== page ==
Two of the premier point guards in the Southeastern Conference were on display Wednesday night in Baton Rouge.
Both Phil Pressey and Anthony Hickey shouldered a massive workload for their respective Tigers, but in the end it was Hickey’s that clung to a fizzling lead and held on at the end to knock off No. 17 Missouri 70-70 in the Pete Maravich Assembly Center.
During one stretch, Pressey scored eight straight to cut a 14 point LSU lead to six, and a pair of Jabari Brown free throws made it four with 13:47 to play, the narrowest margin since the 16:00 mark of the first half.
After a timeout, Hickey immediately erupted for seven straight to swell the lead back to 11.
“That’s the type of player Hickey is. I think he’s excited to play against someone with those type of accolades,” said LSU head coach Johnny Jones. “I thought Hickey did an excellent job of responding.”
From that point on, it was a slugfest that produced a great deal of nervous energy among the 8,804 in the Assembly Center as the visiting Tigers showed no sign of giving up.
Outside of a Shavon Coleman jumper at the 11:09 mark, Hickey scored all of LSU’s points from 13:29 to 3:54 when Johnny O’Bryant buried a pair of free throws.
Hickey managed to keep Missouri at arm’s length, sinking shot after shot, mostly off the dribble. Missouri got no closer than three during the stretch, but that was just before O’Bryant’s free throws.
Pressey scored two of his game-high 25 just seconds after the O’Bryant freebies. LSU, in desperate need of a response, turned to junior Andre Stringer who hauled in a Hickey delivery in transition and launched a three ball from the left wing. As the whistle blew to signal a foul on Pressey, the ball splashed through the net, and the crowd erupted.
Stringer would bury the free throw to nudge the advantage out to seven with just more than three minutes on the clock.
“Hickey drove down, and the guy was guarding him and taking away the lane so I just stepped behind the three,” Stringer said. “I saw Pressey coming behind me, so I just followed through, and I was lucky he fouled me. I think it got the crowd into the game.”
Stringer finished the night with 18 points on just six field goal attempts. His four threes in five attempts moved him into fifth on the LSU all-time list, and he made all six free throws he attempted.
But Missouri wasn’t going anywhere.
Tony Criswell tipped in an errant three ball to pare the lead to five and Brown’s three seconds later had it to two.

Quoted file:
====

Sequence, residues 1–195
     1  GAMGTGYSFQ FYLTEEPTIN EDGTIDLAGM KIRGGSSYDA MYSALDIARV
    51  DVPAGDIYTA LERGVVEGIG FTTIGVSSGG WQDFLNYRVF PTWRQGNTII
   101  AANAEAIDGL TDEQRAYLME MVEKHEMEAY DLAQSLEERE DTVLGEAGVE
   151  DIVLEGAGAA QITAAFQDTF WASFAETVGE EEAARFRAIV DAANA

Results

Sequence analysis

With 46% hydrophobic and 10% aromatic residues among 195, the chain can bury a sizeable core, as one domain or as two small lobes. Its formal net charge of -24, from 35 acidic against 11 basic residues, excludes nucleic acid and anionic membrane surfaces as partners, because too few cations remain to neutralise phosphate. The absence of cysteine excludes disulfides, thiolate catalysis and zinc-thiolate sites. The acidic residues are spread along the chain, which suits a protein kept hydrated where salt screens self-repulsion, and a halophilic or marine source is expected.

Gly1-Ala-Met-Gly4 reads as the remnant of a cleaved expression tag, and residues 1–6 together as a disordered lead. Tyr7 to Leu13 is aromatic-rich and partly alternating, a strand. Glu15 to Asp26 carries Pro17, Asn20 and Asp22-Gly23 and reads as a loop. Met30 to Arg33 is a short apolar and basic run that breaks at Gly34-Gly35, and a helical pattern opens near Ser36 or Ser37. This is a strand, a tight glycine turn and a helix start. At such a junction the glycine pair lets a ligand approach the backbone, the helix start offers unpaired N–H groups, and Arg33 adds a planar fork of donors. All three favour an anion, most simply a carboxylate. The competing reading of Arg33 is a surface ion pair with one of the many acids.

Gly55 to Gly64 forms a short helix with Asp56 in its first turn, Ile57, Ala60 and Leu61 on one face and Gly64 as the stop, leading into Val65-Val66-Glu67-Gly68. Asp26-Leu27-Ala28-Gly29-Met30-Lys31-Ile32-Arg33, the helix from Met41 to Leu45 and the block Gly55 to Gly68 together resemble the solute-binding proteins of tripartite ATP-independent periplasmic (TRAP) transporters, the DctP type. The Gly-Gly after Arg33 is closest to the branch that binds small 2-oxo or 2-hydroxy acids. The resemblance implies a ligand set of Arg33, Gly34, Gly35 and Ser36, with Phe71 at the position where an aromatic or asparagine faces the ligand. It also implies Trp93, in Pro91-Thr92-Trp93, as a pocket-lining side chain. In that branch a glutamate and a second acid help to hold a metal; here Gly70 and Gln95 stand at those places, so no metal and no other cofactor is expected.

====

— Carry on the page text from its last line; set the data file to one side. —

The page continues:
Hickey and Stringer would make three of four free throws on two possessions, but Pressey found Earnest Ross for an open three that made the score 68-66 with 33 seconds to play.
Missouri then called a timeout to set its defense, but when the teams retook the floor, the Tigers forgot O’Bryant who took a Charles Carmouche inbounds pass all alone at midcourt and drove to the bucket for a hoop and a foul.
O’Bryant would miss the free throw, and Pressey answered with a lay in.
O’Bryant made the next two free throws and again Pressey went right to the rim for a lay in.
With 14 seconds left, the LSU lead stood at two.
Coleman made one of two free throws with 13 ticks left to make it three before Pressey missed his eighth three pointer in nine tries. Coleman missed two on the next trip, leaving the door open for a Missouri tie, but the Tigers didn’t get a shot off, losing their third road game in three tries in the SEC.
“Really excited, not only for out basketball team, but for our fans,” Jones said. “I thought our guys did an excellent job from tip.”
That had been an issue for Jones’ Tigers who had made a habit of falling behind early in games.
After seven minutes of play, the LSU Tigers had a 17-6 lead.
“The crowd got us into it from the beginning,” Hickey said after his 20 point effort. “Before the game we huddled up and said we haven’t had our come out punch…we were able to get up in the first half.”
Missouri head coach Frank Haith had a different take.
“I think that we have no toughness in the first half,” Haith said. “It’s disappointing. It’s extremely disappointing.”
LSU played a consistent brand of basketball, shooting 56 percent in the first half and 55 in the second. The Tigers have now won 16 in a row when shooting 50 percent.